JLR to raise $1.64 bn from junk bond sale

Plc, the UK carmaker bought by in 2008, is raising 1 billion pounds ($1.64 billion) from pound- and dollar- denominated high-yield senior notes as low default rates fuel demand for junk debt.

The company is seeking to sell 500 million pounds and $400 million of bonds due in 2018 and a further $400 million of securities due 2021, a banker involved in the transaction said. The proceeds will be used for refinancing existing debt as well as for “general corporate purposes,” the luxury-car unit said in a statement. High-yield bonds are rated below Baa3 by Moody’s Investors Service and lower than BBB- by Standard & Poor’s.

Jaguar Land Rover is selling bonds as falling default rates fuel investor appetite for junk debt, helping drive yields relative to benchmark government debt down 112 basis points this year to 502, according to index data. Sales of high-yield debt in Europe have risen to 21.6 billion euros this year from 15.8 billion euros in the same period in 2010, Bloomberg data show.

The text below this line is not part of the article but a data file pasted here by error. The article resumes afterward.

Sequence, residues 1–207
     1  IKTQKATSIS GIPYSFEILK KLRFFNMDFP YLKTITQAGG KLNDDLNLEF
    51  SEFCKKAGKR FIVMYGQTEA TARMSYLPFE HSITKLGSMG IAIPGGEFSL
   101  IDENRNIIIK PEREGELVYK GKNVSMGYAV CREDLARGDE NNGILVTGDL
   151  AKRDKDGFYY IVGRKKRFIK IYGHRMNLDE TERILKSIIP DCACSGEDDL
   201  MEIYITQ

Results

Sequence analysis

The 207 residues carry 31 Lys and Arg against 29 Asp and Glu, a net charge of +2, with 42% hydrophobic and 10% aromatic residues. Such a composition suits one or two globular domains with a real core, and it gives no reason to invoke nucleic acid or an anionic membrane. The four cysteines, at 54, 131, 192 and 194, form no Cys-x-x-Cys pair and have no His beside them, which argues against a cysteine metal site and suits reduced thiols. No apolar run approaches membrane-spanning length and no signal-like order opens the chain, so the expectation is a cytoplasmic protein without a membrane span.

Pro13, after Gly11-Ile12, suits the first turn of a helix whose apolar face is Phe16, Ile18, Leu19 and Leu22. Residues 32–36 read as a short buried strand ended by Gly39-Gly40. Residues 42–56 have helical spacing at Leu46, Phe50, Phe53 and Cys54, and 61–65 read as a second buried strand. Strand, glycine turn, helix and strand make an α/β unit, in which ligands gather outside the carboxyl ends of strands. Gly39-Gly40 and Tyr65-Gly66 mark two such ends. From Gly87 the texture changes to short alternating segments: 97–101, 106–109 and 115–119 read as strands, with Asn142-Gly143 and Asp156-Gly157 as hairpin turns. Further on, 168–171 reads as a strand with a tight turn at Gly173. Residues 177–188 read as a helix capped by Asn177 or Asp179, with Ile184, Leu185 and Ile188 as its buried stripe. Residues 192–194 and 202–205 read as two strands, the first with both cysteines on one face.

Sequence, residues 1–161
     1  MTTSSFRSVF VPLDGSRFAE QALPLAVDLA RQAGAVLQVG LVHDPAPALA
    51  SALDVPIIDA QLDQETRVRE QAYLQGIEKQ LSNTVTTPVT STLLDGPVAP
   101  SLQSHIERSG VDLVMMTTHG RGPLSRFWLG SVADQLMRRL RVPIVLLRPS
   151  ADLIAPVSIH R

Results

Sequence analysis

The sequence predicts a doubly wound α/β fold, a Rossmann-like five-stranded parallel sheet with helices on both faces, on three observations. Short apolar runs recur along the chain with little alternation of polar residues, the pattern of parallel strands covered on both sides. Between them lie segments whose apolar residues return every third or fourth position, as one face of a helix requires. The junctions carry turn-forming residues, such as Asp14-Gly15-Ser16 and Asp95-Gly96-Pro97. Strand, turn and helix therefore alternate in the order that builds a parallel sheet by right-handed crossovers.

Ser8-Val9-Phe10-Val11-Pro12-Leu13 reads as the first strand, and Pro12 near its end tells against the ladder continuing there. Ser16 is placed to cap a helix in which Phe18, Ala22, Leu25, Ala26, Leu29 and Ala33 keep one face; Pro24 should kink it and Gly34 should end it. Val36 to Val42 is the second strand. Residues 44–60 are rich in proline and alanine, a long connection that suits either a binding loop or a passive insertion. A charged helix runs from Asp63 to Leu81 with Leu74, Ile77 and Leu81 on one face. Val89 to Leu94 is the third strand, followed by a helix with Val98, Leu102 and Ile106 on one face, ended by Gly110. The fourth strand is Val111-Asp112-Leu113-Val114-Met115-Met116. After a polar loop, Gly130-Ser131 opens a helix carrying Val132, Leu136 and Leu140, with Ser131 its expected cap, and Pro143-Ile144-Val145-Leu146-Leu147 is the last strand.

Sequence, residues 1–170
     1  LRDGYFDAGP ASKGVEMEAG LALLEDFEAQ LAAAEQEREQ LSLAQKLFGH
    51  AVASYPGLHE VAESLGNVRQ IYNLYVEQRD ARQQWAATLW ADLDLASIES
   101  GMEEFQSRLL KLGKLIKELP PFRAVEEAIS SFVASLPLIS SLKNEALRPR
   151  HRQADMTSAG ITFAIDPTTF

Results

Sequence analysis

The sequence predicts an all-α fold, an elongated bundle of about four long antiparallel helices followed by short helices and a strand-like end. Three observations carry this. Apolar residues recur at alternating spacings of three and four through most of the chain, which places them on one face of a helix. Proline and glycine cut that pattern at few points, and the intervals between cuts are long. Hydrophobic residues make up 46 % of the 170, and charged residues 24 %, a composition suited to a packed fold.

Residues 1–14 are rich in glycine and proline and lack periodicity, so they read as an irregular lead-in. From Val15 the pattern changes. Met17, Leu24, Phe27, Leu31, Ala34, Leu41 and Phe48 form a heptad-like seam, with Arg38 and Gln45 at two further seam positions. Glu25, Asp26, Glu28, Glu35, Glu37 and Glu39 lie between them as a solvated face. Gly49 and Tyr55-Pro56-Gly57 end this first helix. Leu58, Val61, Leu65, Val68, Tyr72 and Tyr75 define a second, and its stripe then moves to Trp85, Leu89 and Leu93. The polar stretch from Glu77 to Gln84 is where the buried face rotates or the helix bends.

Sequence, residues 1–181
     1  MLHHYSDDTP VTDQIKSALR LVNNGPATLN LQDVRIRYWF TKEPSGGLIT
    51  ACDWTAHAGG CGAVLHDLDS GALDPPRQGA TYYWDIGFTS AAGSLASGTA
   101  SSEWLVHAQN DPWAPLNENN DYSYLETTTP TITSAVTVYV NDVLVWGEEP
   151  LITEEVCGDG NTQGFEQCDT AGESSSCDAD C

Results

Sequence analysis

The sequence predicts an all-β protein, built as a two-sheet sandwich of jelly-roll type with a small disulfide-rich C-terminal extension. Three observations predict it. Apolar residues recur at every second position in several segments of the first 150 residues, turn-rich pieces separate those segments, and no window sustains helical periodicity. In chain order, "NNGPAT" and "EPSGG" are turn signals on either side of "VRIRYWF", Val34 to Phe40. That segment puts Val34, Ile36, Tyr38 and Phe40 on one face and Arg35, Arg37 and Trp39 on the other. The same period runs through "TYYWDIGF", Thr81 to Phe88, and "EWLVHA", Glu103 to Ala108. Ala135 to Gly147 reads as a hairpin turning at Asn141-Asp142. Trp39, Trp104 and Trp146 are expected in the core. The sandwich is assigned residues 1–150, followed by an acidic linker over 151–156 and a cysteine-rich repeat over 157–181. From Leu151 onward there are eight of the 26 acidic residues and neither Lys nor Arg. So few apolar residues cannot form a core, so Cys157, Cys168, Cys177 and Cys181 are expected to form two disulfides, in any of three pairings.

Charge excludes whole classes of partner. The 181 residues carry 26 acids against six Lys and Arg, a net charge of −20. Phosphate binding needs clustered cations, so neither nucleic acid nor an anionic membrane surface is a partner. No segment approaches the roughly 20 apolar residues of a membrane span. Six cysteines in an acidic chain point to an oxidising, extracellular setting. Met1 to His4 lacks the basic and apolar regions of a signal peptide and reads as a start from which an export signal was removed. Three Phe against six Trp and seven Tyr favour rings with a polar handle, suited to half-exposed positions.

Tata Motors, which is India’s biggest maker of trucks and buses, paid $2.4 billion to acquire Jaguar and the Land Rover sport-utility vehicle brand from Ford Motor Co. in June 2008. The Mumbai-based company is rated Ba3 at Moody’s Investors Service and an equivalent BB- at Standard & Poor’s.

The new notes will be guaranteed on an unsecured basis by Jaguar Cars Ltd., Land Rover, Jaguar Land Rover North America LLC, Land Rover Exports Ltd. and Ltd., the company said today. Citigroup Inc., Credit Suisse Group AG, JPMorgan Chase & Co. and Standard Chartered Plc are managing the sale, the banker said, who declined to be identified before the terms are set.